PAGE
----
As you can see from the chart above, the ASA designation is often viewed as the premier designation for business valuation because of the significant experience, education and report review requirements.
The credentials and experience of an appraiser are two of the most important areas of consideration when hiring a business appraiser. This is particularly true when the appraisal may be challenged (i.e. tax valuations, ESOP valuations, or divorce valuations). A number of court cases over the years have commented on the inadequacy of a business appraiser’s training, certification and competence to testify as a business valuation expert. A few of these cases are listed below:
Court Cases Where the Court Considered the Business Valuation Expert Unqualified
Estate of Joyce Hall, 92 T.C. 312, 336 (1989) Estate of Margaret Jann, T.C.M. 1990-333 CCH Dec. 46,692 (1990) Estate of Berg v. Commissioner, T.C.M. 1991-279, June 20, 1991 Laureys v. Commissioner, 92 T.C.M. 101, 126-129 Estate of Samuel J. LeFrak and Ethel LeFrak v. Commissioner, T.C.M. 1993-526, filed 11-16-93 Frymire-Brinati v. KPMG Peat Marwick, 3 F.3d 183 (7th Cir. 1993) Estate of Ray A. Ford, v. Commissioner, T.C.M. 1993-580, filed 12-8-93 Mad Auto Wrecking, Inc. v. Commissioner, No. 1950-94, T.C.M. 1995-153, filed 4-5-95 Pabst Brewing Company v. Commissioner, No. 18466-92 (USTCM) 1996-506 Furman v. Commissioner, Nos. 11568-96 – 11569-96, 1998 WL 209265 (U.S. Tax Court, 4-30-98) Andrew J. Whelan, et al. v. Tyler Abell, et al., USDC, Dist. of Columbia, Civil Action Nos. 87-442 & 87-1763 (SS) Dockery v. Commissioner, No. 14915-96, 1998 WL 120369 (U.S. Tax Court, March 19, 1998) In Re MED DIVERSIFIED, INC., 2005 Bankr. LEXIS 2236 (Bankr. E.D.N.Y. November 14, 2005).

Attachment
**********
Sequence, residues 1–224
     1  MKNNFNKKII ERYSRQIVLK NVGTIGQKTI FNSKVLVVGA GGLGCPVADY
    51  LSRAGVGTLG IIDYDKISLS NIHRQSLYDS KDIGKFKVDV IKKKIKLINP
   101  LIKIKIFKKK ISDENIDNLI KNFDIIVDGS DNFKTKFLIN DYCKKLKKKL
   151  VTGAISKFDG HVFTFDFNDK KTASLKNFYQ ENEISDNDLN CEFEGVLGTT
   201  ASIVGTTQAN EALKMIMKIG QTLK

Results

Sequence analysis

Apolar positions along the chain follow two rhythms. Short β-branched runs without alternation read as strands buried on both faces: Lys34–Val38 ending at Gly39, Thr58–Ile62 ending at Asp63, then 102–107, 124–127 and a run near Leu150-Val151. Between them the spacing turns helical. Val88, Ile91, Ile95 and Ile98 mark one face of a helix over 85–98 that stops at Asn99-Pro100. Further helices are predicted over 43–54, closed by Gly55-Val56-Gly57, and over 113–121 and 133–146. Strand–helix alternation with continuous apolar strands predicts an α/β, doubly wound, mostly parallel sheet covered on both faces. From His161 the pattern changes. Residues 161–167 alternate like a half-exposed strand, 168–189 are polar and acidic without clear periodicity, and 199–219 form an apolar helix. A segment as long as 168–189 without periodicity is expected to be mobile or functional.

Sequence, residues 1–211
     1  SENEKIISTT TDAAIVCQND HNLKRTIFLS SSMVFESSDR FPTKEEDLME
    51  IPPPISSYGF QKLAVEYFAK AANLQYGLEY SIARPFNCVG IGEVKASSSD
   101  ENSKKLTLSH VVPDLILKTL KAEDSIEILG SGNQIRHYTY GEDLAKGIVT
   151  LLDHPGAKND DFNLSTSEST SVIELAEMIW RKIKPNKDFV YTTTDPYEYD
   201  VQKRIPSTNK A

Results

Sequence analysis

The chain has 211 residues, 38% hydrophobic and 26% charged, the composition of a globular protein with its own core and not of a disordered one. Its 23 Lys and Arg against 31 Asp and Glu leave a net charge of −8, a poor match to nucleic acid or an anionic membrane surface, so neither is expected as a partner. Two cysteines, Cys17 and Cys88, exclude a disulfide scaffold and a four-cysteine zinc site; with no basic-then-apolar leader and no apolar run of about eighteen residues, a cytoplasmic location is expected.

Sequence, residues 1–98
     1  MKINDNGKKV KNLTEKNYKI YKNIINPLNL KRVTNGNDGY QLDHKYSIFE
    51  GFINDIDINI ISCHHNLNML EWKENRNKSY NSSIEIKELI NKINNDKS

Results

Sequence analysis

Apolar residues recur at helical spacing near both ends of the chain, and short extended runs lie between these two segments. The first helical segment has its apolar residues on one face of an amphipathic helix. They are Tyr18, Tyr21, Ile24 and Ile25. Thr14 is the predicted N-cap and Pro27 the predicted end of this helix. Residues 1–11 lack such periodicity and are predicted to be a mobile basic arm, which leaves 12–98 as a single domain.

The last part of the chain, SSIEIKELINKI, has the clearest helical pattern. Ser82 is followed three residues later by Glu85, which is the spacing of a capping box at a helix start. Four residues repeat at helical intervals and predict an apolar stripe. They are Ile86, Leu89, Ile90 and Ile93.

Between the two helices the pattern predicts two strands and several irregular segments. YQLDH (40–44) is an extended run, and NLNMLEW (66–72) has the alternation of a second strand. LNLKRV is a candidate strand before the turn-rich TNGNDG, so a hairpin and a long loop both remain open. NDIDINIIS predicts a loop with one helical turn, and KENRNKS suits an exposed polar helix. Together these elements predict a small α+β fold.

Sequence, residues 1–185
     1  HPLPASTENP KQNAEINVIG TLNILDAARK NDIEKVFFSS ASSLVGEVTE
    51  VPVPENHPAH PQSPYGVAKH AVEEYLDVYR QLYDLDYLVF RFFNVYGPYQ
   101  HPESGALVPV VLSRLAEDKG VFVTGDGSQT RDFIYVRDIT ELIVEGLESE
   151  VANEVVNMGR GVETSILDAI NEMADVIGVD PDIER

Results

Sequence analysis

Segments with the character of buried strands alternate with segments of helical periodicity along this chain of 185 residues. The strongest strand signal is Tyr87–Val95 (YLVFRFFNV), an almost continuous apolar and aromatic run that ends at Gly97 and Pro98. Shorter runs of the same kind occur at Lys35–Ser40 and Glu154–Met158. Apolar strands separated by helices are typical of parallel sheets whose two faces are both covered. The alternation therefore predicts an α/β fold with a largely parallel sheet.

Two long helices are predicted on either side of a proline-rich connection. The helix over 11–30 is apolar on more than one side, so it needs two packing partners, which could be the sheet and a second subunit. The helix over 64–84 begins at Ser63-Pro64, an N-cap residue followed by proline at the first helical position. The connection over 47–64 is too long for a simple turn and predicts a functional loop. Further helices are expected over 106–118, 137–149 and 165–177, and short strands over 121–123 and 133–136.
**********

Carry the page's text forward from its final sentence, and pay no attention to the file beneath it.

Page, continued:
In general, the Court considers (i) the credentials of the appraiser, (ii) the experience of the appraiser (whether or not the appraiser performs business valuation on a full-time basis) (iii) whether or not the appraiser is independent in appearance and fact (not an advocate) and (iv) the training, education of the individual and their membership in various professional valuation organizations.
The advice I always give to prospective clients (or their attorneys or CPA’s) is when selecting an appraiser be sure to use an individual with at least the ASA credential. It is the best way to make sure that the individual performing the valuation has received adequate training, has sufficient experience (a minimum of five years full-time) and that you will receive a high quality report (have passed an appraisal peer review requirement).